Who we are
The anesthesiologists at Children’s Hospital Boston specialize in the care of children of all ages—from newborn to teenagers—during surgery. Our goal is to make the hospital experience as pleasant as we can: to help manage your child’s anxiety before surgery, as well as his or her pain after surgery—plus support critical bodily functions and minimize the risks associated with surgery.
The Anesthesia Department at Children’s includes:
The Pediatric Pain Rehabilitation Center: an intensive rehabilitation program that serves the needs of children and adolescents with chronic musculoskeletal and neuropathic pain
Sedation Services: sedation services for children who must undergo painful or scary procedures
Medical Acupuncture Service: acute and chronic pain management through acupuncture
Cardiac Anesthesia Services: anesthesia and pain management for cardiac (heart), thoracic (lungs) or vascular (blood vessels) surgeries
- Pain Treatment Services: treatment and support for acute and chronic pain, mostly post-operative
Physicians at Children’s continually re-examine the standard methods of anesthesiology and work to develop better, more reliable practices for protecting heart, lung and brain function and blood circulation during anesthesia. Our record of innovation and publication has earned us top recognition.
- Anesthesia Department faculty are currently researching how to prevent post-operative nausea and vomiting.
- In the Pain Treatment research laboratory, investigators are looking into the development of timed-release systems for local anesthetics that can provide prolonged analgesia for days or weeks following injection or implantation.
- Children’s Pain Treatment Services has become a referral center for children with many types of neuropathic pain, but especially limb pain associated with signs of abnormal circulation, or reflex sympathetic dystrophy. The chief of the division, Charles Berde, MD, has received several awards and honors for his pioneering work in pediatric pain relief, including the 2003 Scientific Achievement Award of the Reflex Sympathetic Dystrophy Syndrome Association. He was also profiled as one of Time Magazine's “Heroes in Medicine” in 1997.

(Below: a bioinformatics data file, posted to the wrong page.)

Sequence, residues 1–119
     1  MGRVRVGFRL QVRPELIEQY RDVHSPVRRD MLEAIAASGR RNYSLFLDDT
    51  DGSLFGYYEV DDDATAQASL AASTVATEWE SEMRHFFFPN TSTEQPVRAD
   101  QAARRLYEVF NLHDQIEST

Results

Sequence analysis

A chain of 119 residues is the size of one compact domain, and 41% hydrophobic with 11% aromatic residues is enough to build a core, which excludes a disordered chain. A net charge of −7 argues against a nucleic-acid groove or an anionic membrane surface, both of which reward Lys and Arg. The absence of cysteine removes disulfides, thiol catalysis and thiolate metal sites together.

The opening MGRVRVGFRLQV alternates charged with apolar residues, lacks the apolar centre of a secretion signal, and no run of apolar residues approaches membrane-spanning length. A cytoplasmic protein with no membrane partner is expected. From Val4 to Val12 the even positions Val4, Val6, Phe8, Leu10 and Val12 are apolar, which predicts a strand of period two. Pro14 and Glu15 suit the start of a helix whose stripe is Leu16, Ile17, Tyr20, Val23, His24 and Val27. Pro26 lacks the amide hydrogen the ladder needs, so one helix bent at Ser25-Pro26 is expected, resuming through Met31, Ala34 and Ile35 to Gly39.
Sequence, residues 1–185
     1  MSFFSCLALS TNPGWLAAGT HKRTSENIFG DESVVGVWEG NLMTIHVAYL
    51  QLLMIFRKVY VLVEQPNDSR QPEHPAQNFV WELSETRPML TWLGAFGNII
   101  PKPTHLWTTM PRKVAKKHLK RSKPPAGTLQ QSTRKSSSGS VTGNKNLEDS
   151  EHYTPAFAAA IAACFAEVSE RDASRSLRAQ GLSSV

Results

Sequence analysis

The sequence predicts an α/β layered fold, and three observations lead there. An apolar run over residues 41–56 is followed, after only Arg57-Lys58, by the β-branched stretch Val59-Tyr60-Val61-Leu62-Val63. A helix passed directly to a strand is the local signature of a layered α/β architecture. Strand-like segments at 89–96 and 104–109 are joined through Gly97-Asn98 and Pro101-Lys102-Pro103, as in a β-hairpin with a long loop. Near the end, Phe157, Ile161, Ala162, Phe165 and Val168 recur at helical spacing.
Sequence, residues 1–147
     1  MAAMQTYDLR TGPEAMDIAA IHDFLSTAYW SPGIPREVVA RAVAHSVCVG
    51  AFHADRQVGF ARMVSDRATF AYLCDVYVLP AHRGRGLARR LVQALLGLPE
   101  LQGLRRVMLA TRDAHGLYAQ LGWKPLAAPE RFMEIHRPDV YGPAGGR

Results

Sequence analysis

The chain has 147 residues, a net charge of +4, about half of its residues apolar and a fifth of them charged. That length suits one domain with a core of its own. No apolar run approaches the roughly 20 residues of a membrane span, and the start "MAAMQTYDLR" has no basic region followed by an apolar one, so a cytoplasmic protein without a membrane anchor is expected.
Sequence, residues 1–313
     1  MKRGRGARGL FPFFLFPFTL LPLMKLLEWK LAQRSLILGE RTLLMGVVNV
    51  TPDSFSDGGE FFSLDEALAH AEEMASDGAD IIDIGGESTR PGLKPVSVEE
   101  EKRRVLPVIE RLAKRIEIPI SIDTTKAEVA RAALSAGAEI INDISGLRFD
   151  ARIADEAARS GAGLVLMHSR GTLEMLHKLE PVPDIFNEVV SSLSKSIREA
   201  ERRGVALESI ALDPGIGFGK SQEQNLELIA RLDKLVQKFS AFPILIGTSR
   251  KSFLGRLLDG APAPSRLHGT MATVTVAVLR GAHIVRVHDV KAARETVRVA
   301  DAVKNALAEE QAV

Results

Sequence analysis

- Pain Treatment Services is the most clinically active pediatric pain program in the world.
- The Pediatric Pain Rehabilitation Center is the most comprehensive stand-alone, day hospital program of its kind in the United States, offering intensive multidisciplinary rehabilitation to children and adolescents who have not responded to traditional outpatient treatment.
Does anesthesia affect the developing brain?
Giving anesthesia to newborns is always risky because their immature physiology increases the chance of complications. There’s also growing concern about possible neurotoxic effects on brain development that could cause long-term behavioral and cognitive problems. Mary Ellen McCann, MD, of Children’s Department of Anesthesiology is investigating the long-term effects of two commonly used modes of anesthesia—spinal and general—on newborns undergoing hernia surgery. McCann hopes the results will enable parents to make a more informed choice about what type of anesthesia their child receives. “If it turns out that there is a difference, it would change anesthesia for young infants worldwide,” says McCann.
Long-lasting nerve block could change pain management
Researchers at Children’s have developed a slow-release anesthetic drug-delivery system that could potentially revolutionize treatment of pain during and after surgery, and may also have a large impact on chronic pain management. “The idea was to have a single injection that could produce a nerve block lasting days, weeks, maybe even months,” explains the report’s senior author, Daniel Kohane, MD, PhD, principal investigator. “It would be useful for conditions like chronic pain where, rather than use narcotics, which are systemic and pose a risk of addiction, you could just put that piece of the body to sleep, so to speak.”
Giving anesthesia to newborns is always risky because their immature physiology increases the chance of complications. In addition to the short-term risks, there is growing concern about possible neurotoxic effects on brain development that could cause long-term behavioral and cognitive problems.
Mary Ellen McCann, MD, MPH, is collaborating with researchers in Australia, Europe and the United Kingdom to investigate the long-term effects of two commonly used modes of anesthesia—spinal and general. Mary Ellen McCann, MD, an anesthesiologist at Children's has initiated a study to compare regional (localized) anesthesia with general anesthesia in young children.
Conditions & Treatments
- Blood donations and blood banking
- Congenital cystic adenomatoid malformation (CCAM)
- Congenital limb defects
- Facial fractures
- Intravenous line and tubes
- Medical Acupuncture Service
- Minimally invasive cardiac surgery
- Patellofemoral pain
- Preoperative Clinic
- Sedation Services